4 points
  5. Since it was "Mustang Madness" week on the D&S FB page, I started this 1/48 Tamiya P-51B last Sunday afternoon and finished it this Friday evening, for a 6 day build. It's generally OOTB, though I did add a few doo-dads I had in the box: Moskit exhausts, resin tires, pe seat belts, Eduard resin 75gal wing tanks, a Quickboost resin N2 gun sight, MV lenses for the underwing IFF lights, and individually punched instruments for the featureless kit panel. Markings for the Boise Bee are from Aeromaster. The only drama in the build was when the black hole surrounding my work bench swallowed the left rear fuselage clear panel, forcing me to make another from clear sheet to replace it. All in all, this was a fun, fast build that puts the stash down one more! Gil
    3 points
  6. As JB VP#2 previously said 2023 is taken care of by San Marcos, Tx return to the plate. That with 6+ years of planning should be an awesome convention and I am looking forward to attending. As for 2024, I have lent my hand to all those that have reached out for info for their proposals based on my experience here in Las Vegas and I am sure that that you all will be happy and excited about the bids that will be coming forward soon. There will be bidders for 2024 and possibly 2025. Joe Porche' #20296 RC#8
    3 points
  7. Alan Doroff Models AMMO by Mig Atlantis Models Barracuda Studios Bases By Bill Bill Hubbard Bob's Models Bret Ellis Bullseye Model Aviation Casemate Publishing Cult TV Man Custom Dioramics Dave Babcock David Doyle Books Dean's Hobby Stop Detail & Scale Eduard Models Flex-I -File Flying Leathernecks Decals Free Time Hobbies Funkerdecals GT Resin Guideline Publications Hailstone Graphics Mike Hagel Heartland Hobby Joe's Models John's Models Kinetic Models Kitlinx Lion Heart Hobbies Lone Star Models Louis V Models Model Geeks Podcast MRC Models Nankin Hobby Nautilus Drydocks Obscureco Olive Branch Design Phantom Phlasers Phantom Phreaks Decals Philip's Woodwork & Models Phoenix Scale Publications Plastic Model Mojo Podcast Plastic Posse Podcast Rare Plane Detective Revell-Monogram Models Rhino Hobby Tools & More Ronald McNeil Models Scale Aircraft Conversions Scale Color Paints Scale Finishes Scale Motorsport Skylancer Productions Special Hobby Spray Gunner / Grex Sprue Brothers Starfighter Decals Star Realm Squadron Signal Publications Sub Committee Tag Team Hobbies Tamiya Models Thomas Copeland Models Tom Burns Tom's Modelworks / White Ensign Models UMM USA Value Gear Details (Resin Bits) Warbird Decals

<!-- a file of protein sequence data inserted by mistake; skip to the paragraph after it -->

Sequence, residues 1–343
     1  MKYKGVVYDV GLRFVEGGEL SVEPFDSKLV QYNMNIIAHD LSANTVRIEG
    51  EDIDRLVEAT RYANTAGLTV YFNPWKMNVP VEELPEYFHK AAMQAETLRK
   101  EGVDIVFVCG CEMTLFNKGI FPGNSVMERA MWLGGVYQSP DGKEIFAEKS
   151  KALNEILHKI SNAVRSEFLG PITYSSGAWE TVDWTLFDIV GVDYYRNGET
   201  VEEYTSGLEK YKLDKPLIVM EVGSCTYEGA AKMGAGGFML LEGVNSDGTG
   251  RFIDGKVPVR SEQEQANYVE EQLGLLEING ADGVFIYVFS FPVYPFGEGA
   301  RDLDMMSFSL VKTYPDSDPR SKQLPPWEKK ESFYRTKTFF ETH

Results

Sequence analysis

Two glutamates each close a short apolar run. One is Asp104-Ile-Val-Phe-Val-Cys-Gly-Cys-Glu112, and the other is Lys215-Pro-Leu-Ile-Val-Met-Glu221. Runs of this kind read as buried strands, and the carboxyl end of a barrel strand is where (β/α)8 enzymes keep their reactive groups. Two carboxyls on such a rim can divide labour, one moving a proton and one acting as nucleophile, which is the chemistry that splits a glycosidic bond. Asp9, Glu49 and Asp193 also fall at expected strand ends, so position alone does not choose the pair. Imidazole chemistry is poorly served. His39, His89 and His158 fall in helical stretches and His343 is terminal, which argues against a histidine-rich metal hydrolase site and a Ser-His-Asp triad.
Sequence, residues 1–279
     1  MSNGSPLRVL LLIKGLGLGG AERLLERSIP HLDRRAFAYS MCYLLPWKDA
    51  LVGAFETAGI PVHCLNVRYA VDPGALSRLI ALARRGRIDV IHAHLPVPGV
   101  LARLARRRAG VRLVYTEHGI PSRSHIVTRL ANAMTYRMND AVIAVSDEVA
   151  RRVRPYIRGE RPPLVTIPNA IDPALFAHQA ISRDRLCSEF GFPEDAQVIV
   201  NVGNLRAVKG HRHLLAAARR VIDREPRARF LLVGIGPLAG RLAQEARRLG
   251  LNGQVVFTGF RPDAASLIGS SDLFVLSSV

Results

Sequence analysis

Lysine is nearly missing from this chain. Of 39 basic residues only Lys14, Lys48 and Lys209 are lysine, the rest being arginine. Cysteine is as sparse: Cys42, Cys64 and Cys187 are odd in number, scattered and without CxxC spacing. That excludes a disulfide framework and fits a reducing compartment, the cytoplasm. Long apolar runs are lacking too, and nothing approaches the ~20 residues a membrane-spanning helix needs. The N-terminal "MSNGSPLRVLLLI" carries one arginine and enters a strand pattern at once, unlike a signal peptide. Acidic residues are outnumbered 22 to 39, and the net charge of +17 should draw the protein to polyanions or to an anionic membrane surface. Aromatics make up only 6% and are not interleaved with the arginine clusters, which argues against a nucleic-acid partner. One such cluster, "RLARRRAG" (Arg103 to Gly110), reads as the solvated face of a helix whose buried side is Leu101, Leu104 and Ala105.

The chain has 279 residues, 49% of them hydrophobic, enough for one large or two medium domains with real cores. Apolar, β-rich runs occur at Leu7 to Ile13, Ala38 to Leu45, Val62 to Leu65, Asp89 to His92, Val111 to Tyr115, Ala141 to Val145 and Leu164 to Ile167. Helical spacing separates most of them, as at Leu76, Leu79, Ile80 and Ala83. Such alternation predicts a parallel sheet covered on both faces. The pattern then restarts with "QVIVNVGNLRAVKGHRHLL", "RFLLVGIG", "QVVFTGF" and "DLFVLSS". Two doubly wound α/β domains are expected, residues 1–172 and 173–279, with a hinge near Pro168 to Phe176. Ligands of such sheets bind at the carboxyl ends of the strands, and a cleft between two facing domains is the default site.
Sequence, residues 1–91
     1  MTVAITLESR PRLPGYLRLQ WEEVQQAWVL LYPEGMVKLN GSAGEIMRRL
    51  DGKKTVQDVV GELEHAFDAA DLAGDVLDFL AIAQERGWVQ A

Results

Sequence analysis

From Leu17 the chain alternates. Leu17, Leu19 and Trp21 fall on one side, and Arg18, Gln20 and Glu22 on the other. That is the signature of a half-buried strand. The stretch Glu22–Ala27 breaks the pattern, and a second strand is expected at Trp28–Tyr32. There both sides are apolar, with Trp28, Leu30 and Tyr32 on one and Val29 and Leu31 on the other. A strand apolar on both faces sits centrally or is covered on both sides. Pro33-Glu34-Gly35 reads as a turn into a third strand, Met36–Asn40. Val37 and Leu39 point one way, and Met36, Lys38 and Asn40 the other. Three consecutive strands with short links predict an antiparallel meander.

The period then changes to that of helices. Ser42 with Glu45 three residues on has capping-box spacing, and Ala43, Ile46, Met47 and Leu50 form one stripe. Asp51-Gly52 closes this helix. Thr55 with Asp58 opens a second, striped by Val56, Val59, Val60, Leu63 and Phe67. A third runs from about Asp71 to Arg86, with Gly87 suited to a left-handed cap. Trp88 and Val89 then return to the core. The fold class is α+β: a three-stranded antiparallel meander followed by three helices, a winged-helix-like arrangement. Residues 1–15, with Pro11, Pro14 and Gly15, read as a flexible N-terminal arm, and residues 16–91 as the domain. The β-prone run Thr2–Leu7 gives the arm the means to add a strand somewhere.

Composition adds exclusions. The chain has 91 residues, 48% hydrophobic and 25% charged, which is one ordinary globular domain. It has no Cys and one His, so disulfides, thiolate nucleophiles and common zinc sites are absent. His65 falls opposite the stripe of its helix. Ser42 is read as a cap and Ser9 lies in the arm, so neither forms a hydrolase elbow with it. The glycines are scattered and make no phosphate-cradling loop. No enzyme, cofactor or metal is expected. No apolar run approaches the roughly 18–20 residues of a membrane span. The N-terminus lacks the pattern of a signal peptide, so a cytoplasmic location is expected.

2 points
  8. Thank you Gil! It is indeed an ancient kit. I still had a blast building and painting it. The 'wooden' prop was done with a base of wood color and then striped with a darker brown using a very fine brush.
    2 points